Del Norte Triplicate Readers

Tribe shouldn't gamble away money with casino

I write this with a heavy heart. No, I am not distinguished to be a member of the Yurok Tribe, and with that said, sadly, many will dismiss my thoughts solely for that matter alone.

How can anyone of Yurok heritage actually believe the consultants who painted a rosy portrait of a hotel and casino in downtown Klamath, are giving them the real deal?

The region is already saturated with casinos in Elk Valley and Smith River. Why would someone drive to a remote area? The get-rich-now approach rather than sow the seeds to the future appears to command the money.

What about building a small sawmill and market "certified, sustainable" lumber? What about building a salmon aquaculture "fish factory" up in Terwer along the banks of the Klamath alongside a Yurok heritage "living museum"?

Many persons of foreign nations would love to see such sites on a tour of the redwood region.

How about building a mussel aquaculture "shellfish factory" near the mouth of the Klamath River? Tourists passing through would love to see such industry.

I was up on Vancouver Island where First Nations people have built time-share vacation rentals.

Lastly, money, a large sum of money, could be placed in an endowment or trust for the tribe's children to seek skills through education or job training in the trades. I hope the Yurok people explore other opportunities before they gamble on their future.

Doug Jackson, Bayside

It's a sad fact that many seniors feel abandoned

Shameful, sad and heartbreaking are three words that come to mind when I think about the older generation of people in the United States. "Seniors," "elders," "old folks," are what they are commonly referred to.

I was injured recently, seriously enough to require a three-month stay in the Crescent City Nursing and Rehabilitation Center. There are some sad people there. I think it is safe to say that if they were at home instead of in there, they probably would not be getting their medication or all of the things they need like food or heat or love. I know many of these people feel abandoned by their families, even though it is probably not true.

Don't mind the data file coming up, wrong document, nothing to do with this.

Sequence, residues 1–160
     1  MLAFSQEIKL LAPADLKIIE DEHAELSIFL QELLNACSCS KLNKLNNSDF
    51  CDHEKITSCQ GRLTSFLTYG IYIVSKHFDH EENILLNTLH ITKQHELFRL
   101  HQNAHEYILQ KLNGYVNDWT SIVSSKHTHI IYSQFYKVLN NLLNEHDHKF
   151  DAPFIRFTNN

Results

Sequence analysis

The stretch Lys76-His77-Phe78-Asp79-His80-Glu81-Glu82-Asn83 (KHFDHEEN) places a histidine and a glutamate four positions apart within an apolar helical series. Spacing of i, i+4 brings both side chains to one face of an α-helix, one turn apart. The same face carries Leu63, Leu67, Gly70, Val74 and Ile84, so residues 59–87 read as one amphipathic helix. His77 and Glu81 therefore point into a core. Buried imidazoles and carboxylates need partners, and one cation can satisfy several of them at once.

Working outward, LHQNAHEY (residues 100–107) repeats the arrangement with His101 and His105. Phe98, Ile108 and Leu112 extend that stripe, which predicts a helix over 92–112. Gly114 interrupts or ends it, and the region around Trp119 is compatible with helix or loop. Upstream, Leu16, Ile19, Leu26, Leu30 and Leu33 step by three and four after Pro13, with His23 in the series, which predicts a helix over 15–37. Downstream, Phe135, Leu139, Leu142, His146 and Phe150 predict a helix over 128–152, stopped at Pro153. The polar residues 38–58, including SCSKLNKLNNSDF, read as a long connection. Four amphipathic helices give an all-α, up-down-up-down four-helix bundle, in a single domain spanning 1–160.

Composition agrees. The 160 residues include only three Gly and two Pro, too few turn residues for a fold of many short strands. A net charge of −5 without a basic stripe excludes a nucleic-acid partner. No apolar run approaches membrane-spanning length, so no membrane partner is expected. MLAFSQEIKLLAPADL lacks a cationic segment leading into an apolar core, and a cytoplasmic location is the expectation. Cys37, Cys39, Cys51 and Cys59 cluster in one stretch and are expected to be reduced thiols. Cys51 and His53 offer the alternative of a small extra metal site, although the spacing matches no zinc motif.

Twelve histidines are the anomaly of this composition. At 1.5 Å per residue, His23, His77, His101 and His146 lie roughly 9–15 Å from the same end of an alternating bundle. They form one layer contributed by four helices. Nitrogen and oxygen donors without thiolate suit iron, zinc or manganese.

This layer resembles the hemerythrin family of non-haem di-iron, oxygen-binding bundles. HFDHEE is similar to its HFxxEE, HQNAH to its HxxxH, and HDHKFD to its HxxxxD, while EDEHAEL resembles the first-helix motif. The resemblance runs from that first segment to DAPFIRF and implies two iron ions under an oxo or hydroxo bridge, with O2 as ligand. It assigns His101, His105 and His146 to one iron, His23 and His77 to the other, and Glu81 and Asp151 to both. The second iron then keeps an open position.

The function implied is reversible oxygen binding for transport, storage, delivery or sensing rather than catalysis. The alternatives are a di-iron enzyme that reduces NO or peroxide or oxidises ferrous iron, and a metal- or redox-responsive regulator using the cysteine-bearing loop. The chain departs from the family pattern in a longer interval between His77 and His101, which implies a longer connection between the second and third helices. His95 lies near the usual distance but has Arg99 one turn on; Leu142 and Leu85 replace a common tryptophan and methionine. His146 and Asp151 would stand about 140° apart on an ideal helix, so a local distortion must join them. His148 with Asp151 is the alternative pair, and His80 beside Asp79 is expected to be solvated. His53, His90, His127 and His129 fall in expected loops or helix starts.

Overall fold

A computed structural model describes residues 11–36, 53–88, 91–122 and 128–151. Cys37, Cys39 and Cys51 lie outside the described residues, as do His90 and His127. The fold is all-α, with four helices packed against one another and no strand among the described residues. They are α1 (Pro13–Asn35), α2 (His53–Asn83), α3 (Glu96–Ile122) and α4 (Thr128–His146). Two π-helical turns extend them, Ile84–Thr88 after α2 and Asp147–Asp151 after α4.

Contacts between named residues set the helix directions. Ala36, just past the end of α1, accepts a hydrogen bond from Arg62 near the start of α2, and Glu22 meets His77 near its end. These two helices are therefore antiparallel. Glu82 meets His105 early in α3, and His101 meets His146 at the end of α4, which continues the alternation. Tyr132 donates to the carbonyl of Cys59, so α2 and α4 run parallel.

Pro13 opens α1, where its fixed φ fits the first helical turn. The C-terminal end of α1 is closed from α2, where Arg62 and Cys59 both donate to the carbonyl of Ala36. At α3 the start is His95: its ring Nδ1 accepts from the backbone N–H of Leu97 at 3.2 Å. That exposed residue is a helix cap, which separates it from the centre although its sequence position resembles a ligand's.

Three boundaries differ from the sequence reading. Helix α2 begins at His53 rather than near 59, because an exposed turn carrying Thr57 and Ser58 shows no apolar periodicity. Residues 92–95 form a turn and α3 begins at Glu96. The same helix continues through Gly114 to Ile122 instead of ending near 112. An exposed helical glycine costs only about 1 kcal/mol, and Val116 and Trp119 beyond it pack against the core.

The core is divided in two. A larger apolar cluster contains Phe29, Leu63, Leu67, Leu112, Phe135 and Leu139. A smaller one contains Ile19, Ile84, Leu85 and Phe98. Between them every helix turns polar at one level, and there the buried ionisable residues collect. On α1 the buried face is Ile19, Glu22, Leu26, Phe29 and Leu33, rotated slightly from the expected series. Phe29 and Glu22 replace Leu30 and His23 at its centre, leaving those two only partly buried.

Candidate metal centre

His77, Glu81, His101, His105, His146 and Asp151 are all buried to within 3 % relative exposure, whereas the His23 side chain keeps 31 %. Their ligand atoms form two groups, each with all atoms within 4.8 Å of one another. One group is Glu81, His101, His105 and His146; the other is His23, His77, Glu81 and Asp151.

At a time when Social Security payments are shrinking and rent and medication costs are skyrocketing, this appears to be a problem that will just keep getting worse and can't be swept under the rug much longer.

I am not writing this for the sake

of argument or debate; I am just shedding light on a dark subject that needs to be addressed, hopefully sooner than later.

Michael McGilvary, Crescent City

Simple solution to keep our right to bear arms

I am writing in reference to the Jan. 31 article, "Agreement on right to own, not much else."

I, personally, think there's a semi-simple solution to the issue of folks going on shooting sprees. Make it illegal to own any gun that is too much for the average hunter or for individual protection.

There is no reason whatsoever, for someone not in the military or a lion hunter to have big automatic rifles and other firearms.

The average citizen should be able to buy all the guns his/her heart desires but only if it is something the "average Joe" needs for hunting the largest U.S. prey there is.

I do not want to lose my right to bear arms (or arm bears) but realize there must be some form or regulation. Just not the usual "going overboard" asked for.

Teri V. Markanson, Crescent City